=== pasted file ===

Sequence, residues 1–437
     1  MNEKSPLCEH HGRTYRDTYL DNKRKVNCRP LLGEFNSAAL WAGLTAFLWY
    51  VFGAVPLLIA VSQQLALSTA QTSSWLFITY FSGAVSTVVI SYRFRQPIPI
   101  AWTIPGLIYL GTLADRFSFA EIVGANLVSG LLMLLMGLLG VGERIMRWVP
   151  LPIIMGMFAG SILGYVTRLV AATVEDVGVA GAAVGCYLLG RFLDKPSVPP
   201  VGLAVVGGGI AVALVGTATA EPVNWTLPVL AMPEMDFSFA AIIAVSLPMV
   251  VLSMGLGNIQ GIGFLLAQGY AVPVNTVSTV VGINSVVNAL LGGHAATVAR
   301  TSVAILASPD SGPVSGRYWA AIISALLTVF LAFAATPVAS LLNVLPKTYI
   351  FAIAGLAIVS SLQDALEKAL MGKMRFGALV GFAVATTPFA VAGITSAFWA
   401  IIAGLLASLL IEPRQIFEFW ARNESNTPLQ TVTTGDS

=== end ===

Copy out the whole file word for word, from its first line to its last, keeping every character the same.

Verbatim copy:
Sequence, residues 1–437
     1  MNEKSPLCEH HGRTYRDTYL DNKRKVNCRP LLGEFNSAAL WAGLTAFLWY
    51  VFGAVPLLIA VSQQLALSTA QTSSWLFITY FSGAVSTVVI SYRFRQPIPI
   101  AWTIPGLIYL GTLADRFSFA EIVGANLVSG LLMLLMGLLG VGERIMRWVP
   151  LPIIMGMFAG SILGYVTRLV AATVEDVGVA GAAVGCYLLG RFLDKPSVPP
   201  VGLAVVGGGI AVALVGTATA EPVNWTLPVL AMPEMDFSFA AIIAVSLPMV
   251  VLSMGLGNIQ GIGFLLAQGY AVPVNTVSTV VGINSVVNAL LGGHAATVAR
   301  TSVAILASPD SGPVSGRYWA AIISALLTVF LAFAATPVAS LLNVLPKTYI
   351  FAIAGLAIVS SLQDALEKAL MGKMRFGALV GFAVATTPFA VAGITSAFWA
   401  IIAGLLASLL IEPRQIFEFW ARNESNTPLQ TVTTGDS